September Crude Oil Futures (cl02u) $29.95 +0.2% traded the $30/barrel mark this morning after reports that an Iraqi dissident group said it occupied the Iraqi Embassy in Berlin and called for the overthrow of Saddam Hussein. "We are taking over the Iraqi Embassy in Berlin and thereby taking the first step toward the liberation of our beloved fatherland," the group said.
The group, which calls itself the Democratic Iraqi Opposition of Germany, says its action is "peaceful and limited in time." The embassy incident came as Germany has come out in opposition of any U.S. military action against Iraq to remove Saddam Hussein.
The move higher in crude oil has had little impact on the stock- related energy sectors as the CBOE Oil Index (OIX.X) 285.82 -1.72% and Oil Service Index (OSX.X) 84.28 -2.3% both trade lower. The more "domestic" related Natural Gas Index (XNG.X) 137.83 -.074% also edges lower.
Treasuries are finding buying this morning across the major maturities with the shorter-term 13-week YIELD ($IRX.X) 1.587% and 5-year YIELD ($FVX.X) 3.306% seeing YIELD fall from buying in the underlying Treasury bonds.
The U.S. Dollar as depicted by the U.S. Dollar Index (dx00y) 107.62 +0.06 trades firm to marginally higher, but did trade back a bit after news of the Iraqi Embassy siege.
Bond and currency market action may also be driven by this morning's June trade deficit numbers which showed the balance in goods and services trade for the United States showed a slightly smaller $37.2 billion deficit in June, driven in part by a weaker U.S $ in the first-half of the year.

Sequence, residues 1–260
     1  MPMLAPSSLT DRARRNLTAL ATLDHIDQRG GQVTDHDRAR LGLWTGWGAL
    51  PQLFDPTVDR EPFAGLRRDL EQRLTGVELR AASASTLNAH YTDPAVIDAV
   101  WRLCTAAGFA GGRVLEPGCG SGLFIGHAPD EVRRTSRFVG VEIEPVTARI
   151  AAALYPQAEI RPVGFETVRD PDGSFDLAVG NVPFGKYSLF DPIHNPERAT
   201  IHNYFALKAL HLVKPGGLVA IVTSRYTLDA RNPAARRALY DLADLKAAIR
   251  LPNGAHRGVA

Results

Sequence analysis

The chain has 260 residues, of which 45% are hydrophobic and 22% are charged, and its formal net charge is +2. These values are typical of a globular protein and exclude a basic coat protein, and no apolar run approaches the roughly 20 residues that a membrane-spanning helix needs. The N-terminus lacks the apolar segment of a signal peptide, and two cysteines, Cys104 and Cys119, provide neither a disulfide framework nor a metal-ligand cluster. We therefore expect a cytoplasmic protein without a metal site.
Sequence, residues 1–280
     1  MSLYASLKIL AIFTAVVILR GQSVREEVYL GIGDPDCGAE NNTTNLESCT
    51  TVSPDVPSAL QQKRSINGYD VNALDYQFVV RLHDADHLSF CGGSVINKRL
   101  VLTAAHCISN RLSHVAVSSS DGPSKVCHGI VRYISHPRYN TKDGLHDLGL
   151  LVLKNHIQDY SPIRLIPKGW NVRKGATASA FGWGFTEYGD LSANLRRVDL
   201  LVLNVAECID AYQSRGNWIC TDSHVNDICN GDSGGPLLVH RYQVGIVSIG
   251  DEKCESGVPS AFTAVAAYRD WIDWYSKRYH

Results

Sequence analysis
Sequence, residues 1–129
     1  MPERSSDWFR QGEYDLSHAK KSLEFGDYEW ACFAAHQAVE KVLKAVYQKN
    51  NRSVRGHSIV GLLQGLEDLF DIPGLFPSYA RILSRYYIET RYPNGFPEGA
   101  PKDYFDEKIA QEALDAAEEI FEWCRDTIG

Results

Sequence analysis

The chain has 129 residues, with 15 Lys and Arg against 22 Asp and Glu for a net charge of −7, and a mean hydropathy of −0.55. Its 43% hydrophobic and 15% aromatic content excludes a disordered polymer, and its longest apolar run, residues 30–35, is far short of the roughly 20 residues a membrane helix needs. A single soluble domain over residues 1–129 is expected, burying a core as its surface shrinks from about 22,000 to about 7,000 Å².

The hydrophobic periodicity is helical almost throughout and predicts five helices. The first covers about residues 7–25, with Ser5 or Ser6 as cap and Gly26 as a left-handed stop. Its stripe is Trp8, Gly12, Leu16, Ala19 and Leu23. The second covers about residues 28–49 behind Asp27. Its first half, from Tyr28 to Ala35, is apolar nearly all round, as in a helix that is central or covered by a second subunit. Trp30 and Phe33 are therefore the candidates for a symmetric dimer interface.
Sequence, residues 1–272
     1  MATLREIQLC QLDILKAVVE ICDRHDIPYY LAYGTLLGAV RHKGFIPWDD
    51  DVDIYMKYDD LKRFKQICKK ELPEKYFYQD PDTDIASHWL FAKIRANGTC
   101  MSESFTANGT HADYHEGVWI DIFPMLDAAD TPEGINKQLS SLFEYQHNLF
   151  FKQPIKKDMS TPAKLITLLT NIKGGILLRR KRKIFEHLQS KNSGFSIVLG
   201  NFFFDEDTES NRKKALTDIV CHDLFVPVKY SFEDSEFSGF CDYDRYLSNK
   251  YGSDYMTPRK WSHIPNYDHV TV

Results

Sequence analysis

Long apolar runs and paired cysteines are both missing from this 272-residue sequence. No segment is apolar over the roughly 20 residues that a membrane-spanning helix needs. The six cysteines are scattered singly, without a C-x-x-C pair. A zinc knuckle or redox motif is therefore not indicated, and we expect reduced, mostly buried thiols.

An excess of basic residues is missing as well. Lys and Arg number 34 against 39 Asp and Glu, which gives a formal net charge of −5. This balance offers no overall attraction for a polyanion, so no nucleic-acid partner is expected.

The trade gap was marginally slimmer, 1.8 percent, than the revised record $37.8 billion deficit reported in May, mostly because of export growth found in May.
Imports reached $119.2 billion, which still outstripped $82 billion in exports that month. Imports have increased for six month in a row, partly reflecting stronger consumer demand for overseas products as the economy stages a modest recovery.
Exports increased in June for a fourth consecutive month, hinting a global economic recovery continues, while a weaker U.S. dollar makes for more competitive U.S. exports and pricing advantage in overseas markets.
The numbers did get some slightly bullish comments from economists citing; higher imports indicate consumer confidence - more importantly consumer spending - is returning to stronger levels, while improved exports should aid a manufacturing recovery and help boost quarterly gross domestic product (GDP).
At the 11:00 hours, breadth is negative at both the NYSE and NASDAQ with decliners outnumber advancers by an 8 to 5 margin on the big board, while decliners outnumber advancers by a narrower 4 to 3 margin at the NASDAQ.
New highs versus new lows continues to narrow at both the NYSE and NASDAQ. The big board shows 13 stocks hitting new highs versus 13 stock achieving new lows, while NASDAQ starts to narrow a bit with 52 stocks hitting new lows versus 20 stocks achieving new 52-week highs.